2. I was impressed that so much space is given to tending the soul and staying attached to God during a transition. The videos that are included act like a guide during a season when one might be tempted to think, “I don’t have time for this!” What drew you to focus on this aspect of transitions?
What an important question! In fact, I include means of connecting with God that do not need to take much time for that very reason (nightly examen and posture prayer, for example). We are, as your question intimates, so very pressured for time in times of transition. This pressure means that we can become consumed with all there is to do, leading to our becoming disconnected with ourselves, with others, and with God. It is all too easy, under the pressure of little time and many responsibilities, to handily avoid or submerge bothersome internal questions and feelings. Who among us has not at least been tempted to say, “I just don’t have time to think about that right now!” or “There’s no time to feel these emotions right now—I’ll cry later”?
Now, this is not to deny that there are circumstances that require emergency departures. Such circumstances necessitate acting with little, if any, time for interior processing—sometimes we simply have no choice. However, let it be noted that in these cases, [literally] tender care is needed afterward in order to tend to the probable trauma that has been sustained, and professional debriefing is highly recommended.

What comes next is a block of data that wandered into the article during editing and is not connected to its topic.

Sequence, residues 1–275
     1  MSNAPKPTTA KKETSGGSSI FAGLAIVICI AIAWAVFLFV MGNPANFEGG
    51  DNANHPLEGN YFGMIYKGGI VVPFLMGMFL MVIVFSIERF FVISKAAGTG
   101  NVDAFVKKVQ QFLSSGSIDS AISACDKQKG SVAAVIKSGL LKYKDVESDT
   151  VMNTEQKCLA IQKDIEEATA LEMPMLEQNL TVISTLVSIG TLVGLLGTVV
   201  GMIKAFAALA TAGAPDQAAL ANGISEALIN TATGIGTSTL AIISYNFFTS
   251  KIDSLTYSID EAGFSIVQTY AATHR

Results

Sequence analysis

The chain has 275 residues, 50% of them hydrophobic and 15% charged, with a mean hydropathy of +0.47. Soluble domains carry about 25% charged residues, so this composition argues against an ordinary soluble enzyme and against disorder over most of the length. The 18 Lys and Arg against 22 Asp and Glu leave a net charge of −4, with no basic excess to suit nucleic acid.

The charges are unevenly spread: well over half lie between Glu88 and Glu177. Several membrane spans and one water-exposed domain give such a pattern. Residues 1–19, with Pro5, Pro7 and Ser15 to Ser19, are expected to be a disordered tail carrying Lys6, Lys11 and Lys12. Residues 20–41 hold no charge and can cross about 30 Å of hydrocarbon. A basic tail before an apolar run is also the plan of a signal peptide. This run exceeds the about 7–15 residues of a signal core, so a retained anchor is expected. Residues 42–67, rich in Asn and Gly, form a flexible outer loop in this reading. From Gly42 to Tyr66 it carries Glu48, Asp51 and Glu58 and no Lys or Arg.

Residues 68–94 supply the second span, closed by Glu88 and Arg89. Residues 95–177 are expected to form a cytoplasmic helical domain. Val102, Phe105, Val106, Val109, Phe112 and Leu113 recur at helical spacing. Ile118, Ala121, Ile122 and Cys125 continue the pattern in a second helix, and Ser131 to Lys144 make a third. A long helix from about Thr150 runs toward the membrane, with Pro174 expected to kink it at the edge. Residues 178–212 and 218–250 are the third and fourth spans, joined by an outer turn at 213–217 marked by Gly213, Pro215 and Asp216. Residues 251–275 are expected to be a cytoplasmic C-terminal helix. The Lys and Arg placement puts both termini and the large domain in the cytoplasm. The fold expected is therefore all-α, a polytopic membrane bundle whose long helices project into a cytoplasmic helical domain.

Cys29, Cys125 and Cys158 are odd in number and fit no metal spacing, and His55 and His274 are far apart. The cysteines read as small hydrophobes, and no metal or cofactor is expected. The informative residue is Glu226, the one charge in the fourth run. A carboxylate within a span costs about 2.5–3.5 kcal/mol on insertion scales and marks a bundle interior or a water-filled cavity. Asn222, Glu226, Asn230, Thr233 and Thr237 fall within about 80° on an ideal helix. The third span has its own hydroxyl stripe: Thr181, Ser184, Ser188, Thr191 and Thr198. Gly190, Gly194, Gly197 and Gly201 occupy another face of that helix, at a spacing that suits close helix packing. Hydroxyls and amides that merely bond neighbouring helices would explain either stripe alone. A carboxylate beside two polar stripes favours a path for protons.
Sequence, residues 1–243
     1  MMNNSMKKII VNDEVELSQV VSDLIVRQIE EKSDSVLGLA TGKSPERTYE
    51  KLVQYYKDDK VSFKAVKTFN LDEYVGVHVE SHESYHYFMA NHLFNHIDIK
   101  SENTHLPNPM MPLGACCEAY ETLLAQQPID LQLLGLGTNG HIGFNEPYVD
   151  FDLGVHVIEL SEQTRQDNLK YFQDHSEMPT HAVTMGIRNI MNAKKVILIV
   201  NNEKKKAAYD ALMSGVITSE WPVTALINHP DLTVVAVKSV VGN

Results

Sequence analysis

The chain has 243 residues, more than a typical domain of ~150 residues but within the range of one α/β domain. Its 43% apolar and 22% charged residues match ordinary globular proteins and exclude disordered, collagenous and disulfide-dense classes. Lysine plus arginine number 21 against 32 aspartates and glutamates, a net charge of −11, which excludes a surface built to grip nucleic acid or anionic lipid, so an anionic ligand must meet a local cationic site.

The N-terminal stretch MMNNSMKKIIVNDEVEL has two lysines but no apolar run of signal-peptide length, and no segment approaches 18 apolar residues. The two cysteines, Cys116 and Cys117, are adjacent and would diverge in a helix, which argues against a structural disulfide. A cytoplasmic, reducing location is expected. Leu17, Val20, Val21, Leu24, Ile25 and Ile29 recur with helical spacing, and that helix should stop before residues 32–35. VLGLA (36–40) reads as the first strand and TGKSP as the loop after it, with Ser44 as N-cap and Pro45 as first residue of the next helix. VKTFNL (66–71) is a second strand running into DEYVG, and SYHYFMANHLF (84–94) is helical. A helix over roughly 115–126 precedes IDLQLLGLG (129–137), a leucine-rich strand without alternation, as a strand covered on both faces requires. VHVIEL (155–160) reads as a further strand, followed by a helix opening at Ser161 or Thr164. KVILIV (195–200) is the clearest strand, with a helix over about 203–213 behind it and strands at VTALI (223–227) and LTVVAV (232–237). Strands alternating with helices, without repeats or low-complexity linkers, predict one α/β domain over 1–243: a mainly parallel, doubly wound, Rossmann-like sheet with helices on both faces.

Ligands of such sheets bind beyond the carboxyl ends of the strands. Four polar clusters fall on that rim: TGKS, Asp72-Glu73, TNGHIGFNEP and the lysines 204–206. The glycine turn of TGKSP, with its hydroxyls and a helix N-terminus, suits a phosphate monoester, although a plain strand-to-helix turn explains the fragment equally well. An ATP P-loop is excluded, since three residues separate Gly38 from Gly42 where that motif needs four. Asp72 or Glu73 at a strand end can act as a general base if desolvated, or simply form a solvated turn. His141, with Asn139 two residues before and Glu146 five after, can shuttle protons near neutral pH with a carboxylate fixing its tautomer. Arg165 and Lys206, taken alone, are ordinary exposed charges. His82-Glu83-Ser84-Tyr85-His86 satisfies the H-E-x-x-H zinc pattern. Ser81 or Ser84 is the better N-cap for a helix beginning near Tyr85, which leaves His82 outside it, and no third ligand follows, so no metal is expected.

Most changes eliciting geographic moves, however, do not require emergency departure. In these cases we have choice, and we give ourselves (and others) many gifts when we intentionally attend to our inner processes and emotions in the presence of the Lord. Pushing through change while telling ourselves, “I’ll deal with those feelings later—no time to feel that now!”, along with all the other strategies we take to navigate difficult emotions can make our own inner landscapes unfamiliar and even scary territory in the long run.